I did a little informal poll amongst friends that cook and some chefs I work with and dill seed is one of those spices that is truly under the radar. I wasn’t so surprised – heck, it’s not like I use it on a daily basis, but the reality is that this spice spans everything from our everyday dill pickle to Swedish breads to Ras El Hanout, a popular North African spice blend.
Interestingly enough, these flat, tear-shaped seeds aren’t seeds at all. They are actually the fruits of the dill plant (that gives us that beautiful, feathery herb). The flavor of the seed is definitely stronger than the weed or the herb; it has a sharper bite and none of the leafy sweetness. For me, caraway is the closest taste comparison, and there are also notes of chervil, parsley, and anise, which isn’t surprising since the plants are all in the same family.
I was shocked to find out how many different cultures actually use this spice! It’s hard to pinpoint the origin, but dill is thought to have started off in Eastern Europe, spreading later to the Mediterranean, North Africa, and Asia. Scandinavian cuisines, Russian, Ukrainian (it’s in borscht!) and German all use the spice. In the Middle East and North Africa, the spice is found in pickles, spice blends and salads. Even parts of Asia, Indonesia, and Malaysia, incorporate the spice in everything from meat curries to condiments. In South Asia, dill seeds are added to curries or even cooked like lentils; it’s also part of the spice blend that goes into biryani.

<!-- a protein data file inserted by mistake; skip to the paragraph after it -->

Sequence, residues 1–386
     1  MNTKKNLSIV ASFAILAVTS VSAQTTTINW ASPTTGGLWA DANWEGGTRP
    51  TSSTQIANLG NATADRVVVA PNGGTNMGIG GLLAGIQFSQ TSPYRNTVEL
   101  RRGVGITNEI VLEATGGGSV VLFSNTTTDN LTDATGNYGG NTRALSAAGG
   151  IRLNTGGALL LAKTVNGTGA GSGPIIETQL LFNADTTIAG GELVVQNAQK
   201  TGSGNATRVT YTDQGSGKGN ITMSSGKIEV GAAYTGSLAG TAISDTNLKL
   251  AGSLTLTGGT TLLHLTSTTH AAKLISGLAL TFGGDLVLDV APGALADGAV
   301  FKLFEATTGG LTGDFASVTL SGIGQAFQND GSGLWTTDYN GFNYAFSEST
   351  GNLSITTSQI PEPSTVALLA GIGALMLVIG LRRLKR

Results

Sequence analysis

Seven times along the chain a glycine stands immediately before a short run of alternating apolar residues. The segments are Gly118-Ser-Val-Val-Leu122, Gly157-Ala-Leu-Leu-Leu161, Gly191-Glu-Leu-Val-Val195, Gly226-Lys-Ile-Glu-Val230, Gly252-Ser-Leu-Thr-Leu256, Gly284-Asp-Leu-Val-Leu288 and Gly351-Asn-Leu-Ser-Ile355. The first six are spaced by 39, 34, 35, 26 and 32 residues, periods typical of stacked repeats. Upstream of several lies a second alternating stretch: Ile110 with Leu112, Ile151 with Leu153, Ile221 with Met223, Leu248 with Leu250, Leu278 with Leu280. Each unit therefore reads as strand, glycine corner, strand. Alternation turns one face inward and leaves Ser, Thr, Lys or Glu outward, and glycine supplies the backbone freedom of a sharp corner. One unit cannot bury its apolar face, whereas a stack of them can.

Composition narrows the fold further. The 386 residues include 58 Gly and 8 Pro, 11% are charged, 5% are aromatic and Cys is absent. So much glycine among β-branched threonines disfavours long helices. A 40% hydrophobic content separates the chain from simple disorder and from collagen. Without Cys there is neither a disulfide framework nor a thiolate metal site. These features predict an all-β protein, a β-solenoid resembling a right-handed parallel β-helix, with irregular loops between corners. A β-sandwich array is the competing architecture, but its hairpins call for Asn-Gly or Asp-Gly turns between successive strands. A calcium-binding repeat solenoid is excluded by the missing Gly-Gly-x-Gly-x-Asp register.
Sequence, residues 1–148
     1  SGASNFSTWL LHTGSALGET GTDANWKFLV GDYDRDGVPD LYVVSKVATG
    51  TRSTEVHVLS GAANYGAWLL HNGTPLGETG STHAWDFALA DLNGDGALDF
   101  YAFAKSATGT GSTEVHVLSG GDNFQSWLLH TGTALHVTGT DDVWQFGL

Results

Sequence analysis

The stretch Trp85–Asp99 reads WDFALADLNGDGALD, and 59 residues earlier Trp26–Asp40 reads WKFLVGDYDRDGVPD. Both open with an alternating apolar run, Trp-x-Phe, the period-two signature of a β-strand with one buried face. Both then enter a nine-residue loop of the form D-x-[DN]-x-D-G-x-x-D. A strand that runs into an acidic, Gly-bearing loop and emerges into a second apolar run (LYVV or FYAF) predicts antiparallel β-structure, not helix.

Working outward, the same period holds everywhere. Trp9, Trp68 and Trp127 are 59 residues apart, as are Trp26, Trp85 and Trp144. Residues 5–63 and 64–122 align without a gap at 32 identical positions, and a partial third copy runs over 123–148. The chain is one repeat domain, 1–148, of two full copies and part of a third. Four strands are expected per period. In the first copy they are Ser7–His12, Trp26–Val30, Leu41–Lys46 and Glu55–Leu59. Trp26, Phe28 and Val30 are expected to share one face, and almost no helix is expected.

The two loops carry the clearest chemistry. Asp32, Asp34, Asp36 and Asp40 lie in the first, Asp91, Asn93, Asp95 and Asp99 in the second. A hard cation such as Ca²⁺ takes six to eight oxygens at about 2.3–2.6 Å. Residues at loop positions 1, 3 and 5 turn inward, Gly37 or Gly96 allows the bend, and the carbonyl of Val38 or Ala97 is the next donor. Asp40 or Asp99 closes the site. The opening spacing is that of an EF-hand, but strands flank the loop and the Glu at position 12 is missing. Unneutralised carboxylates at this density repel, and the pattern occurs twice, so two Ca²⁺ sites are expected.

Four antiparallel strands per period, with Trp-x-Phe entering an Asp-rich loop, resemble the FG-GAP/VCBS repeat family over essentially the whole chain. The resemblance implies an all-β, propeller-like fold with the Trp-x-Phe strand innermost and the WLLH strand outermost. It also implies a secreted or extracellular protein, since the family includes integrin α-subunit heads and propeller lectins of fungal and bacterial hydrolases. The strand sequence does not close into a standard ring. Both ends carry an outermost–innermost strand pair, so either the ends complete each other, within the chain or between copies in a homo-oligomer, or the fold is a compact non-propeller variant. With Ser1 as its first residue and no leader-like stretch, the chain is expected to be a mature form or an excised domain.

It’s truly a versatile spice and works beautifully in potato salads, vinaigrettes, rice dishes and all types of breads. I’m thinking about working it into a lobster salad along with the herb and a touch of coriander, but it’s also gorgeous in soups and stews (where it softens and becomes toothsome). The seed definitely gets a boost from dry-roasting, but it should be ground to order as the flavor dissipates quickly after being ground. The dill seed from India has a milder flavor than that from other areas, so taste-experiment-repeat where necessary!